Cuddyer Needs To Stop Being Grounded

It may seem at first glance that I’m asking for Michael Cuddyer to become a little more vocal, but I’m actually focusing on his batted ball profile. Despite leading the Twins in home runs this season, Cuddyer is also near the top in ground ball percentage. For starters, let’s take a look at the major league leaders in percentage of batted balls hit on the ground this season.

1. Derek Jeter, 66.8 %

2. Ichiro Suzuki, 62.3 %

3. Jose Tabata, 61.3%

20T. Michael Cuddyer, 51.9%

Right now, 166 players qualify for the batting title, so Cuddyer is in the 88th percentile for hitting grounders this season. Now look at the Twins leaders in home runs with their respective ground ball percentage in parentheses.

1. Michael Cuddyer, 8 (51.9 %)

2T. Jason Kubel, 5 (33.5 %)

2T. Danny Valencia, 5 (47.9 %)

4T. Jim Thome, 4 (36.8%)

4T. Justin Morneau, 4 (35.9 %)

Something important to note is that Kubel, Morneau, and Thome are all at the bottom on the Twins roster in ground ball percentage. Meanwhile, Valencia and Cuddyer are near the top. This isn’t necessarily a bad thing, but Cuddyer is viewed as one of the top power threats in the lineup, and it’s awfully tough to get a home run without hitting the ball over the fence, let alone getting it into the air (Carlos Gomez’s inside-the-park home run notwithstanding).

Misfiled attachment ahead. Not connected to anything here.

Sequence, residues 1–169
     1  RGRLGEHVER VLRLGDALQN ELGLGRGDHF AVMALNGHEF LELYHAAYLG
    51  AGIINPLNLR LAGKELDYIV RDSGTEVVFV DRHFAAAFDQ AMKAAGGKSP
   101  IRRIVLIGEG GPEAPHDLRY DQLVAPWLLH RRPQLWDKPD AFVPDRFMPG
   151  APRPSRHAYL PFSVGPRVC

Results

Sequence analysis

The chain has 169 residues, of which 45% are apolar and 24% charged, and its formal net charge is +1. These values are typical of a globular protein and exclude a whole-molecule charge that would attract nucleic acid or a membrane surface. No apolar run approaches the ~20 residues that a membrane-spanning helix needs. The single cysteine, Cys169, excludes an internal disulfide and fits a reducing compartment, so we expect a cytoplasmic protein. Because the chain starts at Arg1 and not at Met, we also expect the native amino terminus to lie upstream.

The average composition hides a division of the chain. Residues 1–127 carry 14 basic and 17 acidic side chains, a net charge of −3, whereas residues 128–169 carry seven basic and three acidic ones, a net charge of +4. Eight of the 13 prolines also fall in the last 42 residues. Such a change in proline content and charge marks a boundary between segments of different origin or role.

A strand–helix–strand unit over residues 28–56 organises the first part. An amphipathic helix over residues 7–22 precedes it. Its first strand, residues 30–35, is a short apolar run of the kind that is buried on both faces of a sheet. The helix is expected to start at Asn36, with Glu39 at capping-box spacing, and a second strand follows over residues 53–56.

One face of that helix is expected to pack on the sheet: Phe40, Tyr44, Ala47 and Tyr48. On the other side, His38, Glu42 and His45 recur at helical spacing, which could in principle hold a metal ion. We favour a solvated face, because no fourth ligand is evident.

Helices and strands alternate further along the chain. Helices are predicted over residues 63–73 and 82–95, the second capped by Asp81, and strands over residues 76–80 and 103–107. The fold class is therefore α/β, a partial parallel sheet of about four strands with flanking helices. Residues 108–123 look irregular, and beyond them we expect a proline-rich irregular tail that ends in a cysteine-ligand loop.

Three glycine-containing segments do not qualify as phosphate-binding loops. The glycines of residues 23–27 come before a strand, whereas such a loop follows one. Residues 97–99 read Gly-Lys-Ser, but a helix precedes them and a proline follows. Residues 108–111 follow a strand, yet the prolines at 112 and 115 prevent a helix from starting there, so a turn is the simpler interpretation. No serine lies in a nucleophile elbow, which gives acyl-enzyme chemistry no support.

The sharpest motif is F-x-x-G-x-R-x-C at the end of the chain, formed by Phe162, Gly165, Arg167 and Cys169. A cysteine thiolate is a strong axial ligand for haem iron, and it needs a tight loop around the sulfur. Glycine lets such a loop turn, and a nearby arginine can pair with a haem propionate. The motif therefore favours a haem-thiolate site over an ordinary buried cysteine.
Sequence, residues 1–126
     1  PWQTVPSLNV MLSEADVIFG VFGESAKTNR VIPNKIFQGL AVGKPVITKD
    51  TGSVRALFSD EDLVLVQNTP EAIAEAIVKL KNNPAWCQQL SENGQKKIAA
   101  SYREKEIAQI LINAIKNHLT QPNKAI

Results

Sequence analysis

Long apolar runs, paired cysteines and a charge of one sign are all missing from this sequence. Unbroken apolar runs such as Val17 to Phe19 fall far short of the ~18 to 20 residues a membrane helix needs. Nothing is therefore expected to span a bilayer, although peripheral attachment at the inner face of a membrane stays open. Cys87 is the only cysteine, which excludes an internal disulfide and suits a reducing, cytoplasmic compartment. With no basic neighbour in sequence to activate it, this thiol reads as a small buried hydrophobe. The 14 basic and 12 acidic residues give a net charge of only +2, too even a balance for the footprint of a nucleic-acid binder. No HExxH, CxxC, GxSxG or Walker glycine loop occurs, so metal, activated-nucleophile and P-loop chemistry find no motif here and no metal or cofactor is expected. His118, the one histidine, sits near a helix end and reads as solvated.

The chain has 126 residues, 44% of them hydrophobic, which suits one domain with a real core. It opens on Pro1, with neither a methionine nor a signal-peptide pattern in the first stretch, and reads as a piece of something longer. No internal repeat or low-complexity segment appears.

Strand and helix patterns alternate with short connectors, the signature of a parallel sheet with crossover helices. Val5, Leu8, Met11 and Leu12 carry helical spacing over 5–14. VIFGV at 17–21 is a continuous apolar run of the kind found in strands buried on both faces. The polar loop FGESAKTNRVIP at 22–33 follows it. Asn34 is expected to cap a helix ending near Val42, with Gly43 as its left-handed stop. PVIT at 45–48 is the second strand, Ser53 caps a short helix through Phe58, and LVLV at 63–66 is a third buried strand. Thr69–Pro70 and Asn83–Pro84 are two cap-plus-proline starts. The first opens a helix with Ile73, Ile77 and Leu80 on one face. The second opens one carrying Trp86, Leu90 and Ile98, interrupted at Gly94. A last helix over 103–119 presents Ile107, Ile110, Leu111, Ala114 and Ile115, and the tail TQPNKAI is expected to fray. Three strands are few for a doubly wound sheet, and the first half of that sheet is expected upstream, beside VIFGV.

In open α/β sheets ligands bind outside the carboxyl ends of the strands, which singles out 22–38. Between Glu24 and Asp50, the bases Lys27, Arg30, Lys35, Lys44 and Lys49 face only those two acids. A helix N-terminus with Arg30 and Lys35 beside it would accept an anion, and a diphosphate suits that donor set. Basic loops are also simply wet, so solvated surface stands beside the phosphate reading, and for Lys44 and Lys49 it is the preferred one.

So then how is Cuddyer leading the Twins in home runs despite hitting so few balls into the air? Well, it appears to be a little bit of luck… sort of. Cuddyer also ranks near the top in another batted ball category for the Twins, and that is the percentage of home runs hit per fly ball. Cuddyer has a 13.3 HR/FB % right now, which is tied with Jim Thome for second best on the team behind Trevor Plouffe’s 15.0 %. While this is fairly high compared to every other hitter on the team, it’s not outrageous for Cuddyer. He’s averaged a 12.2 HR/FB % for his career, so being a single percentage point over his career average is not a large deviation.

What does this mean? Well, Cuddyer is hitting the same percentage of home runs relative to the number of fly balls he hits as he has for his career, but he could theoretically be hitting more home runs if he didn’t hit so many balls on the ground. He might suffer a little in the batting average department (grounders go for hits more often than fly balls), but at the same time he could see a jump in extra base hits. If he trades in some grounders for line drives, then he could achieve both a better batting average and a better slugging percentage.

Michael Cuddyer has been one of the few bright spots on this terrible – though heating up – team, but I believe he could be doing much better. If he could find a way to hit the ball into the air more often, I think he could become a much more valuable piece to the Twins offense this season, his final year before hitting free agency.

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